I have just discovered that I am a Presbyterian. I used to think I was Anglican. However, I do know that my beliefs are atheist.
This confusion comes from the way religious labels are used. Ten years ago I visited Israel and spent Easter in Jerusalem. My Israeli guide asked me what my religion was and refused to accept my description of “none.” “What is the religion of your parents?” she asked, exhibiting the common belief that religion was an heritable characteristic.
Well, I don’t think my parents had any religion. They certainly never attended any church or told us children what religion they were. However, I did notice that when it came to filling out official forms – census and hospital admissions for example – they always wrote ‘C of E’, Anglican. Perhaps that answers my guide’s question.
But no. I have recently come across official documents from dealings my family had with government departments when I was 4 years old. These describe the family religion as Presbyterian! There hadn’t been any conversions. It’s just that people were never given a real choice in those days. They had to fill in the form and many probably chose their religion randomly.
So you can see why I am a bit sceptical of statistical data broken down by religion. Such data probably says very little about religious beliefs.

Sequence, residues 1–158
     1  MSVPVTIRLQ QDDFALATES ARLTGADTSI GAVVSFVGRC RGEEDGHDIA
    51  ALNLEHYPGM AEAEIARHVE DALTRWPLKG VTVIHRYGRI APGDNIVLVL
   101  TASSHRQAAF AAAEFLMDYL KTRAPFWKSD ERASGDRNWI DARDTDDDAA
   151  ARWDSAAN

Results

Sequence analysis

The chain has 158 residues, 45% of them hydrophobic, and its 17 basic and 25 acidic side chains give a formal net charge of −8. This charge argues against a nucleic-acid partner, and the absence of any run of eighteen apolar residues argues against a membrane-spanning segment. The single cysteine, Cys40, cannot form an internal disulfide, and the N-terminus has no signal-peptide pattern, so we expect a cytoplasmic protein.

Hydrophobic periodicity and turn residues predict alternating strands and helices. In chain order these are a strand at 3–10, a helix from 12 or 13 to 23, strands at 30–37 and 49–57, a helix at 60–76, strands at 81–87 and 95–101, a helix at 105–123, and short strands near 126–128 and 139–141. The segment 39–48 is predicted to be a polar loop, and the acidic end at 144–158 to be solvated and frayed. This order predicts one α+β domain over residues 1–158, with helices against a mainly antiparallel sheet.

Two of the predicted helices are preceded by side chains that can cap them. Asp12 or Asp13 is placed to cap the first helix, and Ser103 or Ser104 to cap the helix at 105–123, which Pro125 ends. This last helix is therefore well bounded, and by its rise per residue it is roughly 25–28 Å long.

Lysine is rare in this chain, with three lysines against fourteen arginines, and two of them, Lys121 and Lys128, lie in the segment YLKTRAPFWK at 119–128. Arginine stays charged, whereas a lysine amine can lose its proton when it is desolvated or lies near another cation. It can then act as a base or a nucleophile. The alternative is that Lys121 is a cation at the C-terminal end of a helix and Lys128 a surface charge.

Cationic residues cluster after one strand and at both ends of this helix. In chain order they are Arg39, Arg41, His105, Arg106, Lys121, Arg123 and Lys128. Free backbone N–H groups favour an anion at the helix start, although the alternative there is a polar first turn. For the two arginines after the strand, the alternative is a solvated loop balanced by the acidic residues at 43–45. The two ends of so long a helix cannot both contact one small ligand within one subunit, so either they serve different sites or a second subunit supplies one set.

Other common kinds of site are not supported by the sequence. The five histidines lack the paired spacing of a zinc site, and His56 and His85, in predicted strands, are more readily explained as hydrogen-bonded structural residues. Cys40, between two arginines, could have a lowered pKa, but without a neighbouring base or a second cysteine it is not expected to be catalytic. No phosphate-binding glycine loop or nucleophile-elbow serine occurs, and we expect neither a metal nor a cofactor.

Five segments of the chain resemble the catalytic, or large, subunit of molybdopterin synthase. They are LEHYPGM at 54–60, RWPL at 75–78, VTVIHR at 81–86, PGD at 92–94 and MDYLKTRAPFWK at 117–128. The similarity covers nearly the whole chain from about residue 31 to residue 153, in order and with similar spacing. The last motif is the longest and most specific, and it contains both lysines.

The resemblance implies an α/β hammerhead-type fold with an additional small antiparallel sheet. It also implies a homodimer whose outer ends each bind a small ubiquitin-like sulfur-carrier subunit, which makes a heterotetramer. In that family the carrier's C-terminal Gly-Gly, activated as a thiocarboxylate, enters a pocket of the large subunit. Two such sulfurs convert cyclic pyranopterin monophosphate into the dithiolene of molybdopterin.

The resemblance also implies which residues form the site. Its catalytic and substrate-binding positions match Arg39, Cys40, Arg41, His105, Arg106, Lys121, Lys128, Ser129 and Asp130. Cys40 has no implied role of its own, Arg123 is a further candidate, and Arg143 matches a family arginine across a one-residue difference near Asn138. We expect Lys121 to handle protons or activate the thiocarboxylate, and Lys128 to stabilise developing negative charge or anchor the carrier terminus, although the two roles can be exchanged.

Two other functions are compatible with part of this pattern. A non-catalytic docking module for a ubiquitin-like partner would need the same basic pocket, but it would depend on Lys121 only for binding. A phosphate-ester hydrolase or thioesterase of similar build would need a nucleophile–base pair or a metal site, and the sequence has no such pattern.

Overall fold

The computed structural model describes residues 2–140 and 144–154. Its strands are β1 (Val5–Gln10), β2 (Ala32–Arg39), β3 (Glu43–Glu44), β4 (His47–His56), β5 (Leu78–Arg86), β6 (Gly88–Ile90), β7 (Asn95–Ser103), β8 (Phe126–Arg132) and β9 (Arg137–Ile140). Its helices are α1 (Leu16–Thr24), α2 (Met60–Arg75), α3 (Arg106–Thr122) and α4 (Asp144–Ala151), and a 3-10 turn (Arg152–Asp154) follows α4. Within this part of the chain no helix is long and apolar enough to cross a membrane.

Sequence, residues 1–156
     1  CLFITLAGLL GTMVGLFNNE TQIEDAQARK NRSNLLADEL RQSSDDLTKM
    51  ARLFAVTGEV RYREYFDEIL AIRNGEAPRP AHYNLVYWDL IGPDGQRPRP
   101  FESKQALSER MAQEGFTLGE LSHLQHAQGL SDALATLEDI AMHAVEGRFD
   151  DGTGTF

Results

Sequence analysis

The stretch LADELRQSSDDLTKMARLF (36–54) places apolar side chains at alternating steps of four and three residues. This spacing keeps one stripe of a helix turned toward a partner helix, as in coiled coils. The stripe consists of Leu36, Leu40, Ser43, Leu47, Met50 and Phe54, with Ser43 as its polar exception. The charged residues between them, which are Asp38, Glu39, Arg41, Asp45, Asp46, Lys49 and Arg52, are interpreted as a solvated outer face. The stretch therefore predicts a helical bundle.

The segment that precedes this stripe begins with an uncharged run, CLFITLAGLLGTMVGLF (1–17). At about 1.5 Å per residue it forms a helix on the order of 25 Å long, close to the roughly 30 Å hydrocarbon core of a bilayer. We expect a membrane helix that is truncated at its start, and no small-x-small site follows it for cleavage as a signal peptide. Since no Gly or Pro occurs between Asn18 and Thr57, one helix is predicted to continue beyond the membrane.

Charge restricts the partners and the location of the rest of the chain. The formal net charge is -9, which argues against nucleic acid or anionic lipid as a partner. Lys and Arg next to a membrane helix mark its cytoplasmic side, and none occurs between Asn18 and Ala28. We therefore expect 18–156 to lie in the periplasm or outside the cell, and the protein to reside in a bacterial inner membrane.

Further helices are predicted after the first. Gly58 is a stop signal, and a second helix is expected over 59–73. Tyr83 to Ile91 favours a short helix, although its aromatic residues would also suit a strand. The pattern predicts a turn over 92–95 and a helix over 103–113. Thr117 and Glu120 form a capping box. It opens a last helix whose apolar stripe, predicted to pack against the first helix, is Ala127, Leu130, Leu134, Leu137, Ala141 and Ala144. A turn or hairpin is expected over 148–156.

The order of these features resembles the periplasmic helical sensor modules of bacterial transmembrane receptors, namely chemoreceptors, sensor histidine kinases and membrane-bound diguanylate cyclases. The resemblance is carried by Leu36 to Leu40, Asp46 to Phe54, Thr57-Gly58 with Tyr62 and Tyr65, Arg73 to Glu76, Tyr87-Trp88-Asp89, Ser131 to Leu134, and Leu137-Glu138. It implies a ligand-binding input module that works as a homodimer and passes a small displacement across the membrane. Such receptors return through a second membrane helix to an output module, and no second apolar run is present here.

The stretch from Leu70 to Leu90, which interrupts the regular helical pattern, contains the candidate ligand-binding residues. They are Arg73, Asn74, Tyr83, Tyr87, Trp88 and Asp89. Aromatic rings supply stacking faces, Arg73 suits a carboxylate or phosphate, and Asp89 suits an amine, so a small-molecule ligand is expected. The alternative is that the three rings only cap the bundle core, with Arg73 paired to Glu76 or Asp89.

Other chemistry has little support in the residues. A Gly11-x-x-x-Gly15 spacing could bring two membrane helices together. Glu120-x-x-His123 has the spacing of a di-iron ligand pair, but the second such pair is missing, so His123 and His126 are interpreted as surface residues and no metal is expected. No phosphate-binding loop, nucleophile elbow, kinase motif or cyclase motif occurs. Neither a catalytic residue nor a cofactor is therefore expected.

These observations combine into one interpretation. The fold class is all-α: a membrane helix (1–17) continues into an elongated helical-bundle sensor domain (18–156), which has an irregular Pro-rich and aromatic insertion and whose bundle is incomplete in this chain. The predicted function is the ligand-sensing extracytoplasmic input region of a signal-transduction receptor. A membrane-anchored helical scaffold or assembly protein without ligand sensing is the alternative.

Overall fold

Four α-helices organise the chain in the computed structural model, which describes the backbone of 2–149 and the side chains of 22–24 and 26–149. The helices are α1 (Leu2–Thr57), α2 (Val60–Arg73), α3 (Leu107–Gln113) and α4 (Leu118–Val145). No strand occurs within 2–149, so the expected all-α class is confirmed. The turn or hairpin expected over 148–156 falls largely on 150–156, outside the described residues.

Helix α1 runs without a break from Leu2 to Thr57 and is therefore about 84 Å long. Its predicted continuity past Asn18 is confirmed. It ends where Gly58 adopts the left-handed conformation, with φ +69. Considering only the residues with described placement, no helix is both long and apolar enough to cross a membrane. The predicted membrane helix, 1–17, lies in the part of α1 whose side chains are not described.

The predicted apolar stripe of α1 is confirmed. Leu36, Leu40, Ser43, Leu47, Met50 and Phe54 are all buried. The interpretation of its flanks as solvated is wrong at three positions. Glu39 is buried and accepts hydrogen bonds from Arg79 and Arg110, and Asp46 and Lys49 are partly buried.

With that qualification in mind here are some data describing the religious affiliations of US prison inmates in 1997 (see Atheists, the religious, and their behaviours compared).
Apparently 0.2% of prisoners were atheist, 7.3% Muslim, 35% Protestant and 39.1% Catholic. When compared with the population as a whole the figures suggest that Muslims are about 9 times more likely to be in prison, Protestants 2/3 less likely and Catholics 2/3 more likely.
Atheists were 50 times less likely!
Data also suggests that Catholics are more likely, and secularists less likely, to support torture than the general population.
Atheists and agnostics are less likely (21%) to be divorced than Jews (30%) and Christians (24% or 27% for ‘Born Again’ Christians).
Religious labels really say very little about beliefs and values. But these data certainly conflict with the message some conservative theists give that us godless heathens are immoral people.